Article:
This will allow Huntsman to meet rising local demand in customised applications, said the company.
Speaking at a press conference at PU China 2018 Huntsman outlined one customised application. This is using polyurethane insulation in large pipelines which transfer residual heat from a coal-fired power plant near Taiyuan, Shanxi to urban areas. The large-scale heat transfer is helping the city reduce its PM 2.5 emission from local coal-fired boilers.
The project has provided heat to half of Taiyuan’s 4 million urban population since 2016. Using residual heat this way has enabled the city to scrap 5,000 district heating boilers in the city.
Additionally, using residual heat has helped the city to save 930,000 tons of coal each year. ‘The cleanest energy is saved energy,’ said Kenny Pan, vice president, Asia Pacific at Huntsman Polyurethanes.
The 38-km-long pipeline includes a 15 km tunnel which is the longest tunnel in China for a heating pipeline. Each of the heating pipes is 1.4 m diameter. It was one of the world’s most challenging engineering projects, said the company.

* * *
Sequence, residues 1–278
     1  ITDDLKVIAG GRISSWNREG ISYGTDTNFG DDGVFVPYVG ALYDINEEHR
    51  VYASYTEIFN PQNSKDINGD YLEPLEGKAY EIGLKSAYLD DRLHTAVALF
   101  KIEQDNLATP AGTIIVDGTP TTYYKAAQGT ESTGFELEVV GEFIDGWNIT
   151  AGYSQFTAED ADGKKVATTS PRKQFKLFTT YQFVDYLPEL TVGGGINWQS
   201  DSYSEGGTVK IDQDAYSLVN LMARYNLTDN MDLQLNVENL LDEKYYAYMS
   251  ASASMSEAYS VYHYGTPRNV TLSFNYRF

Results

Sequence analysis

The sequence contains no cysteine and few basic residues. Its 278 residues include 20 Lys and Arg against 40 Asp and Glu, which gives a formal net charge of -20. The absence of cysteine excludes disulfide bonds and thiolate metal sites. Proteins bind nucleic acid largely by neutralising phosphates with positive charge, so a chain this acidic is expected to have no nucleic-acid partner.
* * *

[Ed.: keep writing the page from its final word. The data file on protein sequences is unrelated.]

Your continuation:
Similar pipelines can be found in Northern Europe but with much smaller diameters. Typically, these are no more than 1 m, said Su Bingli, Huntsman Polyurethane’s China commercial director. He added that the pipeline handles 15,000 tonne/water/hour.
The Taiyuan project used sprayed polyurethane foam to give the pipeline to give a 10-cm thick insulation layer.
The formulation is based on an all-water blowing system. By using this type of formulation it was possible to cut the materials cost by over 20% compared with HCFC 141b. And, in addition, it is able to reduce heat loss by 30% more than China’s national standards.
The insulation is designed to have over 30 years' service life at a working temperature of 140° C. Huntsman designed a special aging testing line to be sure that the material was up to the job. This tested the material by putting subjecting the foam to 200° C for 1,000 hours and monitoring its properties.
‘This is one of the areas where China’s technology has outpaced Europe,’ said Su.
Huntsman started working on such heating pipeline networks over a decade ago and has completed more than 100 projects. The projects now heat 10% of China’s total population and. ultimately, Huntsman hopes to double the coverage to 3bn people.
The potential for the technology is significant and Huntsman expects to see growth of around 15%/year over the next three to five years.
In northern China, a third of the region is still to use residual heat from power plants for domestic heating, said Su.